Skip to content Skip to footer

Will AI Really Come with Nutrition Labels? The Rising Need for Transparency and  Accountability in AI for Healthcare 

Summary: Artificial intelligence (AI) in healthcare may soon come with “nutrition labels,” akin to those on food and drugs, to provide transparency on how AI solutions are trained and their data sources, addressing concerns such as data privacy, bias, and explainability, while offering benefits like aiding diagnostics, streamlining administrative tasks, and enabling personalized medicine.

Going way back to the Pure Food & Drug Act of 1906, truth in labeling was enacted to protect consumers from adulterated and unsanitary food and drugs. Today, when artificial intelligence (AI) is permeating all aspects of healthcare, the premise of nutrition labels is once again taking center stage – requiring AI developers to reveal “the ingredients” contained in the AI solutions they create.

This is a topic I recently explored in an article for Physician’s Practice. As we move full steam ahead into the AI generation, the healthcare industry is taking a cue from the food and drug sectors, placing nutrition labels on AI-driven solutions, to share how they were trained and on what data. The goal is to provide transparency to doctors, clinicians and other health professionals so they can make informed decisions about how AI supports their treatment decisions for patients.

While nutrition labels are not currently a regulatory requirement, Federal regulators are working to enact legislation. Spearheaded by the Office of the National Coordinator for Health Information Technology (ONC), the proposed nutrition label requirements would require disclosing how the app was trained, how it performs, how it should be used (or not used). This is the same group also responsible for certifying electronic health record (EHR) software.

There are clear lines being drawn in the sand. While many applaud the transparency and accountability that nutrition labels offer, others are pushing back on nutrition labels, proposing that the rule could compromise proprietary information and hurt competition.

As I shared with Physician’s Practice readers, despite the naysayers, it’s vital that we ensure its safe and transparent use. Consider the following AI risk factors:

Data Privacy and Security: By its data-driven nature, AI handles sensitive patient data, which can raise concerns about privacy and security. Unauthorized access to health data could lead to breaches and misuse.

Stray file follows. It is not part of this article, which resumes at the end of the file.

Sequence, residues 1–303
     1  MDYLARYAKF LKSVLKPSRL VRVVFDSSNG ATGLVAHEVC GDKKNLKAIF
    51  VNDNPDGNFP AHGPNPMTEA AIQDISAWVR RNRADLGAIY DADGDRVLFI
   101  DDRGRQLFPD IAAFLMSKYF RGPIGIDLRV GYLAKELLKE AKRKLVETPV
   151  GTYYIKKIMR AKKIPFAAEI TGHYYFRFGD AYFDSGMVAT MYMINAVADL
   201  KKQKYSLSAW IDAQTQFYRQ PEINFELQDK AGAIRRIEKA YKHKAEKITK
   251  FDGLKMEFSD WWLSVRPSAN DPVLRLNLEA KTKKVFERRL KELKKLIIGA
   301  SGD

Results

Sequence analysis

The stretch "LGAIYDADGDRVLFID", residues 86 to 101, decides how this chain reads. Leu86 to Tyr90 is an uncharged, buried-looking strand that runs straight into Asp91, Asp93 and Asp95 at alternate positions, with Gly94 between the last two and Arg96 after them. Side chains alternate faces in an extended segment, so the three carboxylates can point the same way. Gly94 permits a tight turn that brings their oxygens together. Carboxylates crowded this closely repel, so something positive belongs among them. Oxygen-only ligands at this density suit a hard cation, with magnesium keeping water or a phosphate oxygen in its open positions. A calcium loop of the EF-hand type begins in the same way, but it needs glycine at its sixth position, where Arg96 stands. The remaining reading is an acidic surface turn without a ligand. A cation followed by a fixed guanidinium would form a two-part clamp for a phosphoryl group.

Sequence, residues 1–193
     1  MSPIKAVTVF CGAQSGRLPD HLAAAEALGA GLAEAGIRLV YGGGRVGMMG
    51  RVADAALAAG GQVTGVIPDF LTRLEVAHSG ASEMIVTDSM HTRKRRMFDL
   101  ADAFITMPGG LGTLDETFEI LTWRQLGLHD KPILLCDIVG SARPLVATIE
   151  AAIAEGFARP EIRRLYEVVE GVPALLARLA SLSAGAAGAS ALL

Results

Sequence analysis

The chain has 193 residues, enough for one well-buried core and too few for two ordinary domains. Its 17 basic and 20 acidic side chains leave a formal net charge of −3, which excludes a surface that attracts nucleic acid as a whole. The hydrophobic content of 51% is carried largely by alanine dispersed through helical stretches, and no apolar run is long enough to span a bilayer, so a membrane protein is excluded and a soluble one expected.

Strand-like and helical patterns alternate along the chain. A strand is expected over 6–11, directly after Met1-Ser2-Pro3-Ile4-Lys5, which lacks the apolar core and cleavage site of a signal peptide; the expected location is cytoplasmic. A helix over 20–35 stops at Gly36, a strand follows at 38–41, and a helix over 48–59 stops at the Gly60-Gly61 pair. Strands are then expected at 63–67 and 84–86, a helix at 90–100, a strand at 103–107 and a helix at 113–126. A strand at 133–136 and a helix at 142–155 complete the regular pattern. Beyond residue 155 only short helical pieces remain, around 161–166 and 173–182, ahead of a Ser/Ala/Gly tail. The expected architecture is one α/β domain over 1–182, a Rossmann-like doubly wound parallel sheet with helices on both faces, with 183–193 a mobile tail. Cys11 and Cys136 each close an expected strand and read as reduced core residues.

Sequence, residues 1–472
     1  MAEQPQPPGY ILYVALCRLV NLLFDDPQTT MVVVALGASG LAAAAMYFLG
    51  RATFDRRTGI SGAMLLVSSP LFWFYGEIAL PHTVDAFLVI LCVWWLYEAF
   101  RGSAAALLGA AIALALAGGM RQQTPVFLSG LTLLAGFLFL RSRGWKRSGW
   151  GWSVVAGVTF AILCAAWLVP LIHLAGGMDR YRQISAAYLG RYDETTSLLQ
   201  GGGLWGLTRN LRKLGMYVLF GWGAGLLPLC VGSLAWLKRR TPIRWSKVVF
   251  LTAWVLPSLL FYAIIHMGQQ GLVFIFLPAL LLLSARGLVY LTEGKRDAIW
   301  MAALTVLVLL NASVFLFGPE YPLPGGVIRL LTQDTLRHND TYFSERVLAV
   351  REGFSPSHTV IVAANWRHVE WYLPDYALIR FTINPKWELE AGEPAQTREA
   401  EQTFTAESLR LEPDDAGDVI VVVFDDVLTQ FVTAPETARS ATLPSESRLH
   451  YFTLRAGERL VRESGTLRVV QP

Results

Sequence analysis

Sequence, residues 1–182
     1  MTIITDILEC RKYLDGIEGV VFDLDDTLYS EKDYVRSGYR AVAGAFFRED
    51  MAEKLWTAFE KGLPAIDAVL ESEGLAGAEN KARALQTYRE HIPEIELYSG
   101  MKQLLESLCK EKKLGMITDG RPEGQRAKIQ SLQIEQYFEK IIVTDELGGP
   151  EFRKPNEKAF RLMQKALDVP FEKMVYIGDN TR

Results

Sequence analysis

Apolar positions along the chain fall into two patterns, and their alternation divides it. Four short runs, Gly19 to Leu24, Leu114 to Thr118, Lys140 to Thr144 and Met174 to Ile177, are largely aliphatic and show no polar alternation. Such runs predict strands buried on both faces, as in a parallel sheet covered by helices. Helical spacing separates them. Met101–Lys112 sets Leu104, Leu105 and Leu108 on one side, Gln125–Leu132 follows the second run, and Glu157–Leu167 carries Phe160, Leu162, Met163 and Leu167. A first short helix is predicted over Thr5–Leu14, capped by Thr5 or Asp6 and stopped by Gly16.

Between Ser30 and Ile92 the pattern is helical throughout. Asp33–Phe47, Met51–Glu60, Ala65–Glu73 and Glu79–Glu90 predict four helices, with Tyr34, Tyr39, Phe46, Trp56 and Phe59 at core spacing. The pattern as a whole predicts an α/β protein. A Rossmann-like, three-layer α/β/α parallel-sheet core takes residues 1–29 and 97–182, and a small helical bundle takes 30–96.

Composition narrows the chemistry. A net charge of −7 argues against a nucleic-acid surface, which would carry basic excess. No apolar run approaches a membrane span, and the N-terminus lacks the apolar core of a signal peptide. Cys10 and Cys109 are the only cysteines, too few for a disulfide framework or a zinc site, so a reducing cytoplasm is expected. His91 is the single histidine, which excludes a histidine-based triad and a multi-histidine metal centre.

Bias and Fairness: If the datasets used to train AI algorithms are biased, the AI systems may produce biased results, leading to disparities in healthcare outcomes across different demographics.

Explainability: For every decision made by an AI tool, there must be a way to explain how the algorithm arrived at the decision. Given the complexity of AI and the massive datasets required to make them effective, it can be difficult to explain the decision-making process today.

Regardless of the outcome of nutrition label laws, AI is being increasingly utilized by clinicians and medical professionals in various aspects of healthcare. Consider some of the following applications:

Diagnostic Imaging: AI is helping to analyze medical images such as X-rays, MRIs, and CT scans, to aid in the early detection of diseases and abnormalities.

Administrative Tasks: AI streamlines administrative tasks, such as appointment scheduling, billing and claims processing, reducing administrative burden and improving efficiency.

Clinician Notes: According to the National Institutes of Health (NIH), doctors spend around 35 percent of their time documenting patient data. AI assistants are playing greater roles helping them generate progress notes from a patient-provider conversation in the exam room.

Personalized medicine: AI is helping doctors analyze patient data, including genetic information, to tailor treatment plans based on individual characteristics, leading to more effective and targeted interventions.

Despite the immense benefits of AI in healthcare, there are some very real risks, and clinicians should have the opportunity to understand what they’re getting into. Nutrition labels can provide that transparency, so that they can make more informed decisions that affect patient health.

Get the best blog stories in your inbox!